CHAIR: It is not just pressing a button.

Dr Franklin : It is not just pressing a button. So this is where battery storage in particular comes in. If the button is there and able to be pressed, it can be pressed and it will respond and it can output within milliseconds and it can output a high amount of energy, if you have a large amount in the system, within seconds or within milliseconds.

CHAIR: So response time is much faster?

Dr Franklin : The response time for battery systems for any power electronics driven source of generation is very fast—much faster than what we are used to seeing in the system.

CHAIR: Dr Stocks, do you have anything to add to that?

Dr Stocks : I will certainly take a much stronger position on the settlements. One of the challenges with having a different dispatch and a different settlement period is that you have people who come in and support the system at times of very high stress and then, when that stress disappears, people who continue to generate get rewarded for the very high prices in that period. One of the things that are happening, particularly with storage, is that people will be able to respond faster—we are talking seconds for batteries and less than a minute for pumped hydro. People can respond to the needs of the system much more rapidly, so if the price heads to a price gap of $14,000 a megawatt hour then everyone, for that 30-minute period, benefits from that divided by six for that entire half-hour. So if you are just idling along through that entire period then you get rewarded for somebody coming in and helping out, at a very high price, for a short period of time, and it then drives behaviour like what we have seen recently in South Australia, where operators will bid at negative prices to ensure that they get that average price for that entire period. There were examples where people bid at minus—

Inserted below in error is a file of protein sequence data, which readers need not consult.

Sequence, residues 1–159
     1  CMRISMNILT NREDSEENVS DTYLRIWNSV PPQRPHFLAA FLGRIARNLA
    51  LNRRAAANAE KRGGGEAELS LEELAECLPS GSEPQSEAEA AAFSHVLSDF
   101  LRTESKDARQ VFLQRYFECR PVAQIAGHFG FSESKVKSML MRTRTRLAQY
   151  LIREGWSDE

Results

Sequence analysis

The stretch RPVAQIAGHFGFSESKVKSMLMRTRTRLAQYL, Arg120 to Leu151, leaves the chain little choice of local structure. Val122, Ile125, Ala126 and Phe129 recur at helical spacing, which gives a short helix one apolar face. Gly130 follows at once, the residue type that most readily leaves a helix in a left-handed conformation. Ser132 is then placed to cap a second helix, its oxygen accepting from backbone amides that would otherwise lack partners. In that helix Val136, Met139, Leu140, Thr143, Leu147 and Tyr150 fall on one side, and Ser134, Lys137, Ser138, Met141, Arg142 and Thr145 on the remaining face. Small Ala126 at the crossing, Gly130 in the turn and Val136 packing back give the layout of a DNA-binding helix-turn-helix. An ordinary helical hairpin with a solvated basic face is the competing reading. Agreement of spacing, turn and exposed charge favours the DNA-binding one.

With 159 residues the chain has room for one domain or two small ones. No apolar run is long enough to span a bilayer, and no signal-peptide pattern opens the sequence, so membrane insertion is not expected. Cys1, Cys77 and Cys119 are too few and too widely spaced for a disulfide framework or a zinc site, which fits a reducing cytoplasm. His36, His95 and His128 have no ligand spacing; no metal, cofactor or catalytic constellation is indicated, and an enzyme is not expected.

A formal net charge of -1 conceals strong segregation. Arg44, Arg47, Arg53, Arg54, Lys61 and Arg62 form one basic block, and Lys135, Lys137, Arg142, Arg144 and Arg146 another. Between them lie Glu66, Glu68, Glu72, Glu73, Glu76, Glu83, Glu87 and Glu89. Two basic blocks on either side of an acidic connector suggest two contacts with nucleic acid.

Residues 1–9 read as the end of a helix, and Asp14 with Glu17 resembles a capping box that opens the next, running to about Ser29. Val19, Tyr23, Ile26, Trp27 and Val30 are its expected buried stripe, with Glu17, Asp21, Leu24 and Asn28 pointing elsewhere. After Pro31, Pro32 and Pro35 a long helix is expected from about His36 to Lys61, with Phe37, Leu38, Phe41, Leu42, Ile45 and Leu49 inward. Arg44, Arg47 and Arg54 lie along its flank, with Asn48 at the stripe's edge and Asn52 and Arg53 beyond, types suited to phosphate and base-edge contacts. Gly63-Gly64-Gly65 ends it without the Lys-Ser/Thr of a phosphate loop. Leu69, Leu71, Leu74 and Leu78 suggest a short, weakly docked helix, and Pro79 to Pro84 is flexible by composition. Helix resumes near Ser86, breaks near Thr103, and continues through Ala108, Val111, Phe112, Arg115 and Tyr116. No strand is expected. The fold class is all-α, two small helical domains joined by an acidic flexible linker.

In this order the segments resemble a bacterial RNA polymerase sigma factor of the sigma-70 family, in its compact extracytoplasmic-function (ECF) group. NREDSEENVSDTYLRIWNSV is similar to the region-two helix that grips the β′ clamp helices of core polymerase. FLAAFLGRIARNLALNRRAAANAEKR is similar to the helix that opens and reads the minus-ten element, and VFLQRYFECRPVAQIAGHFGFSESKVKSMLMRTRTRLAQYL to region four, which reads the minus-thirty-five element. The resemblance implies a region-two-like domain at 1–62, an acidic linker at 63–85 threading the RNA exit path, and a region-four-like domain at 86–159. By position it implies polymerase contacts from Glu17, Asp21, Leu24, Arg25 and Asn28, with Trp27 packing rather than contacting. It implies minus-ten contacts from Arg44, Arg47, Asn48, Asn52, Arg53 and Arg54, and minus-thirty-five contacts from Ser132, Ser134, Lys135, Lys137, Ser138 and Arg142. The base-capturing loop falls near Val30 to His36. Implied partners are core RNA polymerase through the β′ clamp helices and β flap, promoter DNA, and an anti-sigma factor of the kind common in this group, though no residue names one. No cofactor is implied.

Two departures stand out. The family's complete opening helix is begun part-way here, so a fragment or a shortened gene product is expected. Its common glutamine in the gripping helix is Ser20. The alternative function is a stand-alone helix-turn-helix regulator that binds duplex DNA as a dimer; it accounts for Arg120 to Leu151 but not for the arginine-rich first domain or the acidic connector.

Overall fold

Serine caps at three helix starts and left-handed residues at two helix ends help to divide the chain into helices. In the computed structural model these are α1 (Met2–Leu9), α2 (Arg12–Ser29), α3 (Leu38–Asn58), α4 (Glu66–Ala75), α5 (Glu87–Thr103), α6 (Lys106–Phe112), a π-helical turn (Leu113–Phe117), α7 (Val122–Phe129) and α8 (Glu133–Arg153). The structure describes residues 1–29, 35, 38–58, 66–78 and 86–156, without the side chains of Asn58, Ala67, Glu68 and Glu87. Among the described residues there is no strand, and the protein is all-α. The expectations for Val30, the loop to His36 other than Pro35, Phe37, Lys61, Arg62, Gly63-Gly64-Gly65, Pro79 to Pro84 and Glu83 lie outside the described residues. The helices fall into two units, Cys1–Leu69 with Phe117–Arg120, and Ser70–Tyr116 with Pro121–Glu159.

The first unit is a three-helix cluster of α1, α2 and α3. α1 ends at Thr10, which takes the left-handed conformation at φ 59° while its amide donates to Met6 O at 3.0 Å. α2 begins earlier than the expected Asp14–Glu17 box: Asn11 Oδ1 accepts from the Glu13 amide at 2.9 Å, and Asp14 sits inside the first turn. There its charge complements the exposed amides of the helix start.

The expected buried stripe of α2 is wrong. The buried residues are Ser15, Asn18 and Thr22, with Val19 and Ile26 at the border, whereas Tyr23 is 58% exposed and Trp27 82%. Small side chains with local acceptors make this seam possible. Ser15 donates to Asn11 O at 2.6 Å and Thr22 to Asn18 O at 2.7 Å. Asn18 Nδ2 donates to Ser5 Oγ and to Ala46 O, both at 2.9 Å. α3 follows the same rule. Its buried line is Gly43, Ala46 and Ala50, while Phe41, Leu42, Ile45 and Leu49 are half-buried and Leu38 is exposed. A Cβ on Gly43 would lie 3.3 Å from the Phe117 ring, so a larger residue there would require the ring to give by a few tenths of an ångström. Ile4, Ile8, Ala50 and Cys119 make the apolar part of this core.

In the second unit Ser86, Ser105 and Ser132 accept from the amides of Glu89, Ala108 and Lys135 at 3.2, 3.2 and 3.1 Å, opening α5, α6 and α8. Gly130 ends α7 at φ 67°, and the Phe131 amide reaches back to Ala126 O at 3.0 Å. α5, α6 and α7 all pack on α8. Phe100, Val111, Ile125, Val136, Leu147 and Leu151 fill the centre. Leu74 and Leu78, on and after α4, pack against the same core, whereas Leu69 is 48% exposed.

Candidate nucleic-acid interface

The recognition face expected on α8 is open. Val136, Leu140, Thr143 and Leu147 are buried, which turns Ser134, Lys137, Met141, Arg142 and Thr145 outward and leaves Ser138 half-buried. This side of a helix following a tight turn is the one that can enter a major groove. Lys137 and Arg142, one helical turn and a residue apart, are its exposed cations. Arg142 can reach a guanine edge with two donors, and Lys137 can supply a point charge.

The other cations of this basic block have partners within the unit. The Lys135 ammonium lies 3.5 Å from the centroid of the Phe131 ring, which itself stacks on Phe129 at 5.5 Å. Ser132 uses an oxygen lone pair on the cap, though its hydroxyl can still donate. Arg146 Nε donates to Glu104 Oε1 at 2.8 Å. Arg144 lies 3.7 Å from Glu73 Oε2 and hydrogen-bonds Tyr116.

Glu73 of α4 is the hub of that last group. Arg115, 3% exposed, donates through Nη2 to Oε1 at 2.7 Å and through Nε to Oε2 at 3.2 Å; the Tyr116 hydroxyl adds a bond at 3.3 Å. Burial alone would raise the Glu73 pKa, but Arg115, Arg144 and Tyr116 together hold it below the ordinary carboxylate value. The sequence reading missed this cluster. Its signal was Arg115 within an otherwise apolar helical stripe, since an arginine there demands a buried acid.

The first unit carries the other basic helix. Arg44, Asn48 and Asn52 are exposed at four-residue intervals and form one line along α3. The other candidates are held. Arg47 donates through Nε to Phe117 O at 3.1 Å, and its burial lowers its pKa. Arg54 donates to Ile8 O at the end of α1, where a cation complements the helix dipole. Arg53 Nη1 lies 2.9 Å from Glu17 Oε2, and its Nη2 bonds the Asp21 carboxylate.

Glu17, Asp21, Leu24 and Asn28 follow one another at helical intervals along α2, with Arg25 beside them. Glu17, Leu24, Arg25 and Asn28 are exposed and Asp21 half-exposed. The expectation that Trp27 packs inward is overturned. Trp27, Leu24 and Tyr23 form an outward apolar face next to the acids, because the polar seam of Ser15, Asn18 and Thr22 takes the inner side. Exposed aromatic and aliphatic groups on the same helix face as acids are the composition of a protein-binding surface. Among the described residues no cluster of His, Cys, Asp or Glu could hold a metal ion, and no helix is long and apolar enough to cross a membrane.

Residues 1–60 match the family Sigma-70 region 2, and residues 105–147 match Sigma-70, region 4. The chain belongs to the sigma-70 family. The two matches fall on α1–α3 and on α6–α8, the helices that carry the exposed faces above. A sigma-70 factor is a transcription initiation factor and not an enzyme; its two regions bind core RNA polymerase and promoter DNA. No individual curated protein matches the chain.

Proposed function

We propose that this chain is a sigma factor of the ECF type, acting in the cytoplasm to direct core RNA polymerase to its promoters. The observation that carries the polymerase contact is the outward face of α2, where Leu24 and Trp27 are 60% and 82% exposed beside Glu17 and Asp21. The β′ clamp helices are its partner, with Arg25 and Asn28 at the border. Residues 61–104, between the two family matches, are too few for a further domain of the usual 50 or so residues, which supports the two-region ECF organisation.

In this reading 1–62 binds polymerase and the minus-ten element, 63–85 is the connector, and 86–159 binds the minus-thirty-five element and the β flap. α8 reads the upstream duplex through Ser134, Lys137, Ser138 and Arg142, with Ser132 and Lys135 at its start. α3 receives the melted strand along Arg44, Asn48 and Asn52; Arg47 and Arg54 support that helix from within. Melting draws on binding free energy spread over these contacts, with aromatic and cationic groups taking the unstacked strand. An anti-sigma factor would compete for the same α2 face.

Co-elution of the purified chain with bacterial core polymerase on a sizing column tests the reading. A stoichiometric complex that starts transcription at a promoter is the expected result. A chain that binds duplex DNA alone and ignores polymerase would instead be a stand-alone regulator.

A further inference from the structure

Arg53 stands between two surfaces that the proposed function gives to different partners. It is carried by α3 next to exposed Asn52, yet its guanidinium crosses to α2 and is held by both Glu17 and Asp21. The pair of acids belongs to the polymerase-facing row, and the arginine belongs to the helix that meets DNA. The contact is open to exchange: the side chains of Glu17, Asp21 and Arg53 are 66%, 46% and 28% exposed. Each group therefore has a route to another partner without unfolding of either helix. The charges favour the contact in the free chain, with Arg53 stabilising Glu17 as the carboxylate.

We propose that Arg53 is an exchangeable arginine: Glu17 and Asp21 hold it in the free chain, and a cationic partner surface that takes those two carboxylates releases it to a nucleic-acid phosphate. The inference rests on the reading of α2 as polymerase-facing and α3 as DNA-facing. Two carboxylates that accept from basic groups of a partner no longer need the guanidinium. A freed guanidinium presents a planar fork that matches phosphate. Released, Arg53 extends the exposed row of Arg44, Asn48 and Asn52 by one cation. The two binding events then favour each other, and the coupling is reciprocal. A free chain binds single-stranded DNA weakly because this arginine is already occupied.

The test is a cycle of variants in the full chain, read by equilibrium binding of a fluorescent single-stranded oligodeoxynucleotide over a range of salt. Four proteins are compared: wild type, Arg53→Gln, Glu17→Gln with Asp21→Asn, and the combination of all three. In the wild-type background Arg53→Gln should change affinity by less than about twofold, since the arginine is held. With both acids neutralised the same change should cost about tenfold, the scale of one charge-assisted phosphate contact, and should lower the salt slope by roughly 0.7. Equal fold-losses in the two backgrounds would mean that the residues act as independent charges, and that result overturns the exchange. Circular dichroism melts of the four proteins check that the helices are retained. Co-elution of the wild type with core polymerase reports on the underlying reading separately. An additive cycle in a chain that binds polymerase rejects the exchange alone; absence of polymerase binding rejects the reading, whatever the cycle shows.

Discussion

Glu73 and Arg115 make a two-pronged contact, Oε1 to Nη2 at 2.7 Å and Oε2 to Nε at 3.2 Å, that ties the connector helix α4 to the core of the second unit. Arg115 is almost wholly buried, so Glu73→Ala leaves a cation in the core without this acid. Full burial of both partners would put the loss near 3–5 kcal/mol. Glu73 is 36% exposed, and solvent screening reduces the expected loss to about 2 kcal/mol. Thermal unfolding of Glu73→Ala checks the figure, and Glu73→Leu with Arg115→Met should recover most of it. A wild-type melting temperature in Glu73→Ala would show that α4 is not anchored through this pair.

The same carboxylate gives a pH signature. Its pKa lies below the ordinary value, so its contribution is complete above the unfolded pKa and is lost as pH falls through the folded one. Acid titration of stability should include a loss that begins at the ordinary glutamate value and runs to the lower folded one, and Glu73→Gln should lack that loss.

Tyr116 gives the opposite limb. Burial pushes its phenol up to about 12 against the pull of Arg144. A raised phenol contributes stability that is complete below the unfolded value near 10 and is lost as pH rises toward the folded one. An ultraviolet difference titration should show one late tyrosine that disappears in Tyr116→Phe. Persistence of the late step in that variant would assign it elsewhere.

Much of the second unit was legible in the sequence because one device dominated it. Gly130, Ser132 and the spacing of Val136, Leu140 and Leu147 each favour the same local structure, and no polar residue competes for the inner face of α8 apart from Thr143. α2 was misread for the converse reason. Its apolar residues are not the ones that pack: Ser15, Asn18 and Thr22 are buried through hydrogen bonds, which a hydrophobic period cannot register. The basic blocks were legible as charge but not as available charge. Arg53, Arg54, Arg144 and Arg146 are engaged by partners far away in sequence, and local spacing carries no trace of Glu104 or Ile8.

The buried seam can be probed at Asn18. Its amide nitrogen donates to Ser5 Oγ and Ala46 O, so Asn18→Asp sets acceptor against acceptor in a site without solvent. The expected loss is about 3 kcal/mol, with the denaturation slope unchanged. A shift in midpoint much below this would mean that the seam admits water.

CHAIR: Isn't that price gouging?

Dr Stocks : No, it is working within the market that exists. If you have a set of market rules then everyone will behave to optimise their outcome within those rules. So what we have is a difference between settlement and dispatch which rewards particular behaviours, and they are not necessarily behaviours that are best for the resilience of the system; they are best for those particular operators. The technology and the ability to respond are changing, and to some extent this has really come out of old established rules where things did happen much more slowly, and it really did not matter that there was this five-minute period, because everyone had to ramp up, ramp down and take much longer periods of time. The challenge there is that, if storage is going to come into that, if you really want it to develop that very fast instantaneous response, it needs to be rewarded for filling in that gap and not end up being paid six times less than what that was deemed to be worth because whoever supplies in that six-minute period only gets about $2,000 a megawatt hour rather than the $14,000 that they bid. So it drives different behaviours in the system, and not necessarily those that best balance out the overall system.

CHAIR: So you would strongly support moving from a 30-minute time frame to something closer to five?